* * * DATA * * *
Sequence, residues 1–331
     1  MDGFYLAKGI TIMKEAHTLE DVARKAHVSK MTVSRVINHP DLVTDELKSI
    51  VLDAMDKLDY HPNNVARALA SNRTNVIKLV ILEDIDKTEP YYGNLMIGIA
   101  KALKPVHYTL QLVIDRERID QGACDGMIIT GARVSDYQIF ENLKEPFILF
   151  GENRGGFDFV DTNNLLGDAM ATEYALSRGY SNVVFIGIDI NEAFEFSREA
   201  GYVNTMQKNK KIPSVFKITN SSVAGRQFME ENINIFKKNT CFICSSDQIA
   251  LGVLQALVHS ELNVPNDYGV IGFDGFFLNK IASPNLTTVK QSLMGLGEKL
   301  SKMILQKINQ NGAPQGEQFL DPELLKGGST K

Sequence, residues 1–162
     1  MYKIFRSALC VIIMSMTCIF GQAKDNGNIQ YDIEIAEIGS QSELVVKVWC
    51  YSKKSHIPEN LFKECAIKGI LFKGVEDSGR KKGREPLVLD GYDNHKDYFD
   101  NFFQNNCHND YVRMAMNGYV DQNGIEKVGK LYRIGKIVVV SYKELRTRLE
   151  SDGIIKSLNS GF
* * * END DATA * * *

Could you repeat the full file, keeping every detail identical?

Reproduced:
Sequence, residues 1–331
     1  MDGFYLAKGI TIMKEAHTLE DVARKAHVSK MTVSRVINHP DLVTDELKSI
    51  VLDAMDKLDY HPNNVARALA SNRTNVIKLV ILEDIDKTEP YYGNLMIGIA
   101  KALKPVHYTL QLVIDRERID QGACDGMIIT GARVSDYQIF ENLKEPFILF
   151  GENRGGFDFV DTNNLLGDAM ATEYALSRGY SNVVFIGIDI NEAFEFSREA
   201  GYVNTMQKNK KIPSVFKITN SSVAGRQFME ENINIFKKNT CFICSSDQIA
   251  LGVLQALVHS ELNVPNDYGV IGFDGFFLNK IASPNLTTVK QSLMGLGEKL
   301  SKMILQKINQ NGAPQGEQFL DPELLKGGST K

Sequence, residues 1–162
     1  MYKIFRSALC VIIMSMTCIF GQAKDNGNIQ YDIEIAEIGS QSELVVKVWC
    51  YSKKSHIPEN LFKECAIKGI LFKGVEDSGR KKGREPLVLD GYDNHKDYFD
   101  NFFQNNCHND YVRMAMNGYV DQNGIEKVGK LYRIGKIVVV SYKELRTRLE
   151  SDGIIKSLNS GF